Other than the canines, bull dogs have rather small, delicate teeth. These where hard to get with regular pencils. Here is where Very Thins, by Prisma color came in. These harder pencils are not something you would want to use every day, but are just the thing for fine detail. Which is what they are designed for.


Tank- reference photo
Addressing the eyes, Mary Ann’s reference photo did not give the eyes a good go. Dog pictures seldom do, but this is a dog she knows and loves, and here memory came to her rescue. Instead of solid black, which in a photo a dog’s eyes can appear, she worked layers of black/brown and white to give his eyes life.


All in all this is a drawing of Tank, not just any bull dog.



Monday, December 16, 2013

More Magnolias

Spending some time working on my Magnolia project.

The small drawing, 5x7 on pastel board is becoming saturated. It will take a little burnishing to get the details to work on it.

Work is coming along, but photographing that work is giving me trouble. It is overcast and cloudy, so getting a good shot is difficult, even in the sunroom! I have tried it with a flash, but you know how it drains artwork.

I really try to use as close to natural light as I can so people seeing the artwork can get a feel for what the piece really looks like. But on a cloudy day that is not really going to happen. If the piece was finished, I would wait, but I am going to keep working on it, and wanted to get it at this stage of work. Hopefully you get the feel for what is happening with both drawings.

Drawing as of 12-8-13
The large piece, 16 x 20 is taking a lot of pencil! Good thing I ordered a half dozen white pencils from Dick Blicks! I really did not want to use watercolor as an underpainting on this one, but wanted the green of the mat board to remain pure. Isn't happening! but I keep cleaning up the background.

Getting all the shades of grey and yellow on this one is going to be a real challenge. Drawing white flowers is much more complicated than the casual observer would imagine.

I am also finding the detail of what will be the seed cone a challenge. It is so pale and there is so much detail. Most people look at the large petals and overlook the nectar rich cone of the flower. As the individual areas mature and "bloom" the cone seems to unpeel. Each of those green things is a nectar tube which will get fertilized and produce a bright red seed in the fall.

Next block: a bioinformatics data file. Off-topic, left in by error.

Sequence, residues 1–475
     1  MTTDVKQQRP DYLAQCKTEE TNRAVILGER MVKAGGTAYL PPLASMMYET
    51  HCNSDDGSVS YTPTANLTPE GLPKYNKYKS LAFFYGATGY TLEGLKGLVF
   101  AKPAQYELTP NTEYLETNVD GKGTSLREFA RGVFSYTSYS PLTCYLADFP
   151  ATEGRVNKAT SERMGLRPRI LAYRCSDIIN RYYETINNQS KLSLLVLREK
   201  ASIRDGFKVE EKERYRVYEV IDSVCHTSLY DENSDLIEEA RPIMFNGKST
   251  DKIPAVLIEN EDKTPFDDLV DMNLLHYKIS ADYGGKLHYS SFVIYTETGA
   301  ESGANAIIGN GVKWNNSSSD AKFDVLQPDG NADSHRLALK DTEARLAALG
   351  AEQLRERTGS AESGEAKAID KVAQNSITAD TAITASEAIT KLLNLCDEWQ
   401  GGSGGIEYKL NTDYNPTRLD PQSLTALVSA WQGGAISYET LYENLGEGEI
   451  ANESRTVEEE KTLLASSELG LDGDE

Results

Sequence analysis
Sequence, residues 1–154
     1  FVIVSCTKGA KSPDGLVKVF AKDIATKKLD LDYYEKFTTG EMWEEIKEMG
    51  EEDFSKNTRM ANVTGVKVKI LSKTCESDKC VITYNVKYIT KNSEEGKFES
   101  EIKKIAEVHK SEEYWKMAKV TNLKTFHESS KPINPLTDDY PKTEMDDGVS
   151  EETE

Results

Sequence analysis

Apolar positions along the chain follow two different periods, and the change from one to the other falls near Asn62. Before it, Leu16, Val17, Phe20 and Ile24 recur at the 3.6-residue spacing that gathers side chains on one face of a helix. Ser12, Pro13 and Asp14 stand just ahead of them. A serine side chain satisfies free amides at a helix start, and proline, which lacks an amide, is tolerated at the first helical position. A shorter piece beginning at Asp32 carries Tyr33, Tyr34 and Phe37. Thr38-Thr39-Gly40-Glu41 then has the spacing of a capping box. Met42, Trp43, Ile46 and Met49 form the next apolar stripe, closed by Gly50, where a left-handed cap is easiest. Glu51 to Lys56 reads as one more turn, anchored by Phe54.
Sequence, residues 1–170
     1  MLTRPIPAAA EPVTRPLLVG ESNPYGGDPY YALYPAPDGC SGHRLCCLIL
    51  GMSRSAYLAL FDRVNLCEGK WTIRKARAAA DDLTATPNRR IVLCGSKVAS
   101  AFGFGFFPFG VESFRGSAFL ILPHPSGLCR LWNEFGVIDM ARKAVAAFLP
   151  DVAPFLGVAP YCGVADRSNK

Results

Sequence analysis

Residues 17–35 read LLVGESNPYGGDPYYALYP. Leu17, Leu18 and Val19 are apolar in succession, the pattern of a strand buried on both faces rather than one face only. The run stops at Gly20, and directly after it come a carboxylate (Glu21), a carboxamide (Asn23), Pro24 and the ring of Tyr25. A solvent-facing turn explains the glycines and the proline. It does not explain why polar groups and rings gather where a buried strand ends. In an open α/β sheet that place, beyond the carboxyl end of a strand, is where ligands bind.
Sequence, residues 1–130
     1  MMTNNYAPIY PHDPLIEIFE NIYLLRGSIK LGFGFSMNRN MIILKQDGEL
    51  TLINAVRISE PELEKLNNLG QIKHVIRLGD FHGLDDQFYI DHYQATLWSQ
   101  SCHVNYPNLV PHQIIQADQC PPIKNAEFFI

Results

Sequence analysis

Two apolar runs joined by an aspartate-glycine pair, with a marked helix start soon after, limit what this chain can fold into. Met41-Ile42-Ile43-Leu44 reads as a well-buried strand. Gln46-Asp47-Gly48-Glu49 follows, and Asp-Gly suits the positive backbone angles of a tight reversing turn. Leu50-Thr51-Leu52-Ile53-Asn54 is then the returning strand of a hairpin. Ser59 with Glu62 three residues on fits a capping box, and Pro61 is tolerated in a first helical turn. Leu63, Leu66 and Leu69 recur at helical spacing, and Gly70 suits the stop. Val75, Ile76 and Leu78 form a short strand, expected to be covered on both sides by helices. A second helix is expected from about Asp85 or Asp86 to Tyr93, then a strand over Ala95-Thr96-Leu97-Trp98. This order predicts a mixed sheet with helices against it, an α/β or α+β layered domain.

Sunday, December 8, 2013

Color Wheel-Beads

Justin, my 10 year old drawing student, finished his color wheel this week.

His wreath is homemade, from vines from his yard. I think this is fine. It is not necessary to always throw a lot of money on an art project for it to be well done and creative.

He had to collect beads in colors that would complete the color wheel, string them and then wrap them around the wreath. A lot of them his family already had from other projects. He simply needed to collection and sort them. This took a while. He laid them out on a printed color wheel to see which actually worked on the color wheel. This took a while. Rather than help him, I let him work it out, learning to judge color himself. I only stepped in when he asked my opinion.

 He strung them on colored pipe cleaners, which he also matched to the color wheel. They are of course, wire so would wrap and he would not need more wire or glue.

I think he did a great job with this.

Monday, December 2, 2013

Magnolia in colored pencil progress

I made a little progress on the small 5 x 7 colored pencil drawing of a magnolia today.

The Pastelbord has good tooth and can take a lot of layers of colored pencil. I have gone through almost a complete white pencil!

So now I can start fine tuning it and hopefully it will turn into something.

Also got some large boards to do a "grown up" version.

..............................and lots of white pencils!